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House Committee approves $500,000 fines for indecency

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    News Media Update         WASHINGTON, D.C.         Broadcasting    

House Committee approves $500,000 fines for indecency

  • The House Energy and Commerce Committee approved a sizable penalty increase for broadcast indecency, that would up fines to half a million dollars.

March 3, 2004 — The U.S. House Energy and Commerce Committee approved a bill today that would increase the maximum penalty for broadcast indecency from $27,500 to $500,000.

The penalty hike was a substantial increase from the amount agreed upon by the House Subcommittee on Telecommunications and the Internet last month. The subcommittee had approved a 10-fold increase, to $275,000.

The Energy and Commerce Committee agreed upon language in the new bill, known as the Broadcast Decency Enforcement Act, 49-1, and set no maximum total fine. Three violations would also prompt a hearing by the Federal Communications Commission, which could lead to the revocation of a station’s broadcast license.

“We have forged what I believe is a bill that will protect young people from indecency and deter companies from pushing the envelope of appropriate broadcasting,” Rep. Fred Upton (R-Mich.), the bill’s sponsor, told Reuters.

Recent congressional activity has already caught the attention of broadcasters nationwide.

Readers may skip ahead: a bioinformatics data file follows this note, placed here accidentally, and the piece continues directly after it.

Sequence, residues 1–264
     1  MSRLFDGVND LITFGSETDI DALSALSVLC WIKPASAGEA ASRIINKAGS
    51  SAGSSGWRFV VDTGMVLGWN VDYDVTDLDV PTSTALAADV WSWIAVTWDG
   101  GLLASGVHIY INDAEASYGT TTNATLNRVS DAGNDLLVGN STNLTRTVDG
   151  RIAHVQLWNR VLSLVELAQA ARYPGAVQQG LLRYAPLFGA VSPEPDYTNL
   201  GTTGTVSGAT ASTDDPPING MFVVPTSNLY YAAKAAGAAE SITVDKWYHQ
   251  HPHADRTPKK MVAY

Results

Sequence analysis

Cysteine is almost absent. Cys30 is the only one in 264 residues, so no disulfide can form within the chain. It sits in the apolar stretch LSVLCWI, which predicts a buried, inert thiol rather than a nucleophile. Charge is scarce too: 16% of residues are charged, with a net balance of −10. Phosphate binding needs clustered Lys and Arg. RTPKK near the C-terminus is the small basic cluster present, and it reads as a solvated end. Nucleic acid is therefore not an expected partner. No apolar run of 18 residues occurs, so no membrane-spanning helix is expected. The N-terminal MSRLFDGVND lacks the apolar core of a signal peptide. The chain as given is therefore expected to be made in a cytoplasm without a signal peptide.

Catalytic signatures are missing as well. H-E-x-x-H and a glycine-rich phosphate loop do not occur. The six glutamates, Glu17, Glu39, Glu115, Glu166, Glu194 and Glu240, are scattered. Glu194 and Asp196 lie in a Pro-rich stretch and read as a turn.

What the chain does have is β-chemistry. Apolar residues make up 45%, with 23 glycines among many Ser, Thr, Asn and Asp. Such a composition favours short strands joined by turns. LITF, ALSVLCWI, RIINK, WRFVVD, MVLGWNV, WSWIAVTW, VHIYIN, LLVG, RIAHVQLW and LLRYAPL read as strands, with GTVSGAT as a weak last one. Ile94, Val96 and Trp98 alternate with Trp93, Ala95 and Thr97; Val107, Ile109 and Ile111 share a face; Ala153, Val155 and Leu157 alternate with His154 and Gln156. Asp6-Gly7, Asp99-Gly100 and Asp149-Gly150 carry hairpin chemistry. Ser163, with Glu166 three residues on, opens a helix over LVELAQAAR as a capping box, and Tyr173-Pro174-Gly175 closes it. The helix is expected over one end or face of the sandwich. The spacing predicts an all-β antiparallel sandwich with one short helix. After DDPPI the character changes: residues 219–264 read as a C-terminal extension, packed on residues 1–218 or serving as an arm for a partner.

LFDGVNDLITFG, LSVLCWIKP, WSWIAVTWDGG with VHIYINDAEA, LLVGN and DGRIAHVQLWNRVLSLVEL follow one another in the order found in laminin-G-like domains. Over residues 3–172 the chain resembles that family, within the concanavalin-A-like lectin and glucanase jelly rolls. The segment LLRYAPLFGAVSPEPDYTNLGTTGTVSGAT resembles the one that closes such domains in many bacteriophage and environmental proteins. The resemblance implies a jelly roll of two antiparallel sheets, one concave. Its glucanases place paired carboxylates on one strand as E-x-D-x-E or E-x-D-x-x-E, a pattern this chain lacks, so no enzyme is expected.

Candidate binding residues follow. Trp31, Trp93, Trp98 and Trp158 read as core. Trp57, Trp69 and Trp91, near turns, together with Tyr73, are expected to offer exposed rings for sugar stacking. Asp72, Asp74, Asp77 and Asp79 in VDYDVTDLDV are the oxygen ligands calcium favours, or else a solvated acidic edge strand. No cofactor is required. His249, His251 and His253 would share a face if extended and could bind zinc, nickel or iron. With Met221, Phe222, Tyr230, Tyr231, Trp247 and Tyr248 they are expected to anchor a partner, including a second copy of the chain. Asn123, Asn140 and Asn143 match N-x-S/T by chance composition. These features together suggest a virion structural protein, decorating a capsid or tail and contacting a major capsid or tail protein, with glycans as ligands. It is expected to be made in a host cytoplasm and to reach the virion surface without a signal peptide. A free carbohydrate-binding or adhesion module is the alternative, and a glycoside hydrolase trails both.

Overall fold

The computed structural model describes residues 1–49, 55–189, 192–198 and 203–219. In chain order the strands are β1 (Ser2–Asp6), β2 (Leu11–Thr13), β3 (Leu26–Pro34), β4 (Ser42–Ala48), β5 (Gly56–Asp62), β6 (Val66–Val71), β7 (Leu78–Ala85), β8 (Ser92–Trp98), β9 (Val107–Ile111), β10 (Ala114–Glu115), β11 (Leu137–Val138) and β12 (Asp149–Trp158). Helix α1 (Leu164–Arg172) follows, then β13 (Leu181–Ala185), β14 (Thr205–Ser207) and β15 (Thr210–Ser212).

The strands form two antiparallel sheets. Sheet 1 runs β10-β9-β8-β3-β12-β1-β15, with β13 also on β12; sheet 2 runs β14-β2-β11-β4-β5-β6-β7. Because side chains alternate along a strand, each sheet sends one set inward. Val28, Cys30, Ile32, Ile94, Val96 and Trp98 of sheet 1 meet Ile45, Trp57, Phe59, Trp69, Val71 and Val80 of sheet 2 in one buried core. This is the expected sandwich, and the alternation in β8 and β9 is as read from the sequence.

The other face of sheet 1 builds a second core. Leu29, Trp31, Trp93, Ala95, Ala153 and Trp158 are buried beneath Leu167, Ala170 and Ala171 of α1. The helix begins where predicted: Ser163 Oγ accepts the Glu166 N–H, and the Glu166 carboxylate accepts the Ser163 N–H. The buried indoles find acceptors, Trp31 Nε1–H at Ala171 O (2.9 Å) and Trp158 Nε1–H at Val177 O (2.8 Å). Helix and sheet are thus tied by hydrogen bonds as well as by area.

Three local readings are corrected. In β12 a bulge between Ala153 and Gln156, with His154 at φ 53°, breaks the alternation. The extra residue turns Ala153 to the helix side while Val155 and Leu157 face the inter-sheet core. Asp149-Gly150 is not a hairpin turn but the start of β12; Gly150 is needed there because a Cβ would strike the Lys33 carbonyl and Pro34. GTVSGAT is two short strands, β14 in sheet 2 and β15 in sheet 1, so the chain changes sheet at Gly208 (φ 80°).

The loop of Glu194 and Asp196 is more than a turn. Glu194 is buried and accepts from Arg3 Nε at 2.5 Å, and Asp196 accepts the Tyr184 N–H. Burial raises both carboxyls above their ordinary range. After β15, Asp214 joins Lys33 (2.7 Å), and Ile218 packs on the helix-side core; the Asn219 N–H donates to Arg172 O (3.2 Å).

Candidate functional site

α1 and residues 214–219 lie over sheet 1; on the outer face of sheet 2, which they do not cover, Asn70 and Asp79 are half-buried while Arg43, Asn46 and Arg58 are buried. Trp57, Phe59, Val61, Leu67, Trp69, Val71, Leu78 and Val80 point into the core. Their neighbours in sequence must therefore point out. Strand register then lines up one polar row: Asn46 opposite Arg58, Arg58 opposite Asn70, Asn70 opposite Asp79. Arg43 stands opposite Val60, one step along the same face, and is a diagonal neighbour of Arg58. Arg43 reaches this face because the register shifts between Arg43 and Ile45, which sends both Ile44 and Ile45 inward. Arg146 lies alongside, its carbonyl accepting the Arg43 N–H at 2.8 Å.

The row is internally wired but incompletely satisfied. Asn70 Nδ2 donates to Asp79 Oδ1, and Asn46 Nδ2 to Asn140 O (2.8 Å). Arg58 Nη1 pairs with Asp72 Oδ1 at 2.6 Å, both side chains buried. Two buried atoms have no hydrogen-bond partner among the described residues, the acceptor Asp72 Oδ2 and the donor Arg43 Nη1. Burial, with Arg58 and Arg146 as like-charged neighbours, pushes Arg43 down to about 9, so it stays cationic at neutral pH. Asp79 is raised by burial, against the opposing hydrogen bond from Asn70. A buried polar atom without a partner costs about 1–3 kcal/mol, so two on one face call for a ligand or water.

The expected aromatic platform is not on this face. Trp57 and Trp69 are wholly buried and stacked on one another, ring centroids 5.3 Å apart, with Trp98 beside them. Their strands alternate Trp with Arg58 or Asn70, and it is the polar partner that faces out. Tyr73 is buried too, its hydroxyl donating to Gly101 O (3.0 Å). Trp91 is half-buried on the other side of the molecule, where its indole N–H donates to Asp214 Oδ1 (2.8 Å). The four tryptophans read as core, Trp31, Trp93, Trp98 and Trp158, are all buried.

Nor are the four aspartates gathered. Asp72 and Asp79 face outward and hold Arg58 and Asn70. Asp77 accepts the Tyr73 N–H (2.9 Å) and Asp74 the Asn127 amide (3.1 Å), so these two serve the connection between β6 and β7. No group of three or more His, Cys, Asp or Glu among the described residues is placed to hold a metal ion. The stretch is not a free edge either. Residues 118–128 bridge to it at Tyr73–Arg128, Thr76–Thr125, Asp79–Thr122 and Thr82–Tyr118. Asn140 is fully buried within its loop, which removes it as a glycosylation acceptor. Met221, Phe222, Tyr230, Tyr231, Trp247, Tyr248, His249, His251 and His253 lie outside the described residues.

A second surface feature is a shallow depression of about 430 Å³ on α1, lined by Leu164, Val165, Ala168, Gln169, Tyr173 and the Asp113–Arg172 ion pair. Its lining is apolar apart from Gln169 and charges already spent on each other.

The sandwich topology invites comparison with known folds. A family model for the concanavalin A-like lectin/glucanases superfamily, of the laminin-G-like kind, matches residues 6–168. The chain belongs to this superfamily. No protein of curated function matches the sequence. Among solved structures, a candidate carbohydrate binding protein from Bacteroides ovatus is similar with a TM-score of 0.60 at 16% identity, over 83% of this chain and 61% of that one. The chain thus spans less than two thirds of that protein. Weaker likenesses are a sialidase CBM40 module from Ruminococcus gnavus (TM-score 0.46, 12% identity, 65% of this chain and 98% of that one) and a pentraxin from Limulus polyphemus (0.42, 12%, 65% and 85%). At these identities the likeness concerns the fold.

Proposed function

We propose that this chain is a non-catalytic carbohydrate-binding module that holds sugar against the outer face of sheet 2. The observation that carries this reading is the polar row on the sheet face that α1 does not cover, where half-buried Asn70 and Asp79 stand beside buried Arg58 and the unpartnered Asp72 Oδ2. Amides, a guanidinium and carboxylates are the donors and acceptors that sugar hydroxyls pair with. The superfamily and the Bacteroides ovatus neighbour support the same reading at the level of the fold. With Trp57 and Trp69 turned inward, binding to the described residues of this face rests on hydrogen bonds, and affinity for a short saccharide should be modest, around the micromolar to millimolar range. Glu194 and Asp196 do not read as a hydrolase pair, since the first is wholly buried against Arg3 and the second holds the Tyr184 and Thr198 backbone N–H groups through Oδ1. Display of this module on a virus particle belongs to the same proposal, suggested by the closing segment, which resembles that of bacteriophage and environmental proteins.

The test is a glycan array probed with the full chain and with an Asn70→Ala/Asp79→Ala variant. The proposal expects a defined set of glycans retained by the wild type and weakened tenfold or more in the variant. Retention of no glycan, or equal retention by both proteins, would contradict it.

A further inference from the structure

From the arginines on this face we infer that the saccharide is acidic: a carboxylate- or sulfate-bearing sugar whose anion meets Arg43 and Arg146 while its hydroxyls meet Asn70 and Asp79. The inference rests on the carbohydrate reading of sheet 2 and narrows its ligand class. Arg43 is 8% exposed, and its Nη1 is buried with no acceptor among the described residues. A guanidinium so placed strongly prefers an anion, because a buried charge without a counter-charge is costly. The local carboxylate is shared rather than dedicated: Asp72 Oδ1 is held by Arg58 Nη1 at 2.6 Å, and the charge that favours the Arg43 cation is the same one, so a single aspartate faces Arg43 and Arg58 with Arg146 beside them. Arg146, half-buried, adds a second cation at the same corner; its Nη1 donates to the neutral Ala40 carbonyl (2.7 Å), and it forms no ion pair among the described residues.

Emmis Communications, the seventh-largest radio group in the U.S., yesterday announced a new “zero tolerance” policy toward broadcast indecency. Company spokesperson Kate Healey said disciplinary action — which may include termination — will be taken against any employee who violates the nation’s broadcast indecency rules.

Employees were notified of the new policy yesterday through a company-wide conference call. The old policy, Healey said, involved a lengthy review process before disciplinary action was taken.

Clear Channel Communications announced a similar zero-tolerance policy last week, then acted on it. The company fired controversial Florida disc jockey Todd Clem, known as “Bubba the Love Sponge,” and suspended the “Howard Stern Show” from six of its affiliates.

Clear Channel President John Hogan announced the company’s new policy last week at a hearing of the House Subcommittee on Telecommunications and the Internet. Other major broadcasting companies followed suit.

In a speech yesterday to the National Association of Broadcasters, House Majority Leader Tom DeLay (R-Texas) said Congress will take any measure it deems necessary to prevent indecent broadcasting.

“My message to every broadcaster in the industry is this: the status quo will not stand,” DeLay said. “If the entertainment industry cannot pull itself together and stay within some boundaries of decency, Congress will have no choice but to step in.”

(H.R. 3717) LH

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